Bloggers say they'll have role in new Tunisia

    At the height of the Tunisian uprising, dictator Zine El Abidine Ben Ali tried hard to silence the young bloggers who were driving the protests against him. His security agents arrested, even tortured, some of them and repeatedly shut down their sites.

  • Briefly

    A Tunisian court dissolved the party of ousted President Zine El-Abidine Ben Ali and ordered all its assets seized, demolishing a key symbol of his autocratic regime.

  • Tunisian walk past a burned out car, in Tunis, Monday, Feb. 28, 2011. (AP Photo/Hassene Dridi)

    Tunisia ends 20-year ban for Islamist party

    A Tunisian Islamist party banned for more than 20 years was legalized Tuesday, while the country's most prominent opposition figure quit the unity government amid renewed uncertainty about where Tunisia is headed.

  • ** FILE ** Tunisian Prime Minister Mohamed Ghannouchi announces a national unity government in Tunis, Tunisia, on Monday, Jan. 17, 2011. (AP Photo/Hassene Dridi, File)

    Tunisian prime minister announces resignation

    Tunisia's embattled prime minister said Sunday that he will resign, bowing to a key demand of protesters after at least five people died in a groundswell of new unrest in this North African country.

  • World Briefs

    Two Americans accused of spying appeared in a closed-door Iranian court session Sunday to begin trial after an 18-month detention that has brought impassioned family appeals, a stunning bail deal to free their companion and backdoor diplomacy by Washington through an Arab ally in the Gulf.

  • Illustration: Haiti and Tunisia by Greg Groesch for The Washington Times

    VLASIC & COOPER: Haiti has lessons for Tunisia

    When Tunisian President Zine el-Abidine Ben Ali abruptly fled Tunisia's chaos,becoming an exile of a nation that he and his wife reportedly used as their personal cookie jar, it was deja vu all over again.

  • King of Jordan fires government

    The king of Jordan fired his government in a surprise move on Tuesday amid nationwide protests calling for political reforms, as similar demonstrations were sweeping through the Arab world.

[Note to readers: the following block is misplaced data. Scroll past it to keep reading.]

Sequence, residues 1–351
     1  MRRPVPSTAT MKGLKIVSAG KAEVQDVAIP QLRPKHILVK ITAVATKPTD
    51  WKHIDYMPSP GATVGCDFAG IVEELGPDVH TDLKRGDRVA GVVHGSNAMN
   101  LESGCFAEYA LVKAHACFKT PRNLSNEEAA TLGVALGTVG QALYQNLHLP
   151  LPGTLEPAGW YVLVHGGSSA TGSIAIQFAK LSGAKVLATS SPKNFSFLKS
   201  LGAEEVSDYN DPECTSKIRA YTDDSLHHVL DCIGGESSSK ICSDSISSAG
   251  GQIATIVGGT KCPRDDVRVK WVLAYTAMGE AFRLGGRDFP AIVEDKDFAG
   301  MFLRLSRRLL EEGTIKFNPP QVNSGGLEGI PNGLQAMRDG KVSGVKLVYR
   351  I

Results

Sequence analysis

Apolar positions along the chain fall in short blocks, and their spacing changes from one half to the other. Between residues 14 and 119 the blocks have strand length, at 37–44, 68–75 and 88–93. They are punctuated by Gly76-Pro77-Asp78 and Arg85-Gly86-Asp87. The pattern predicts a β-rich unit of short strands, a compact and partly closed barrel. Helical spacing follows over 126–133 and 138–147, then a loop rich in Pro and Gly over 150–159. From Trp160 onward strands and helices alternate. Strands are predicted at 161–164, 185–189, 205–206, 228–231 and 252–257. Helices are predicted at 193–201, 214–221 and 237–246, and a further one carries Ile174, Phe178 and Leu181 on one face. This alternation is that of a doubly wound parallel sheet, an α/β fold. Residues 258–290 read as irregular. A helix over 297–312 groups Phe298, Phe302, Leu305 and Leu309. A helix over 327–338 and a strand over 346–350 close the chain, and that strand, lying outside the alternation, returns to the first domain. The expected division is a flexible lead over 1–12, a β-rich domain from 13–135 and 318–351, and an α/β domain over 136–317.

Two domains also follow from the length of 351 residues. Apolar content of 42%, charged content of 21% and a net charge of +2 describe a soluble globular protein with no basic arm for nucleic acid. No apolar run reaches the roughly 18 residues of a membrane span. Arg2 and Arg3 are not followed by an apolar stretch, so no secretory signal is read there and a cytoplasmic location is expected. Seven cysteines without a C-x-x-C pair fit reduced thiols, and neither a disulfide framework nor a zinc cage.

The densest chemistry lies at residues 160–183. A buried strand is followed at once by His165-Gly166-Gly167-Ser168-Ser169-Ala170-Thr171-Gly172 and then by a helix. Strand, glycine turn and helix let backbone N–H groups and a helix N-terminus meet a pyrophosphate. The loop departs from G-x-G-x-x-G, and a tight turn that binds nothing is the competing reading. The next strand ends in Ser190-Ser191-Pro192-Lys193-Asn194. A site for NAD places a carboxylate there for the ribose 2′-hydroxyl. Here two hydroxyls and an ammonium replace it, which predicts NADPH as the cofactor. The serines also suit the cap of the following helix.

• Rachid Ghanouchi (center) addresses supporters shortly after arriving in Tunis, Tunisia, on Sunday. The leader of a Tunisian Islamist party was long outlawed by authorities. (Associated Press)

    Leader of Islamist party returns to Tunisia after decades in exile

    The leader of a long-outlawed Tunisian Islamist party returned home Sunday after two decades in exile, telling the Associated Press in his first interview on arrival that his views are moderate and that his Westward-looking country has nothing to fear.

  • Protesters run away from tear gas during clashes in Tunis, Wednesday Jan. 26, 2011. The clashes broke out in front of the prime minister's office as the caretaker government prepared to announce adjustments to its lineup. Hundreds of protesters in the capital are pressuring the interim government to get rid of allies of ousted President Zine El Abidine Ben Ali. (AP Photo/Rafael Yaghobzadeh)

    Tunisia issues international warrant for ousted president

    Tunisia's government issued an international arrest warrant for ousted President Zine El Abidine Ben Ali on Wednesday, accusing him of taking money out of the North African nation illegally.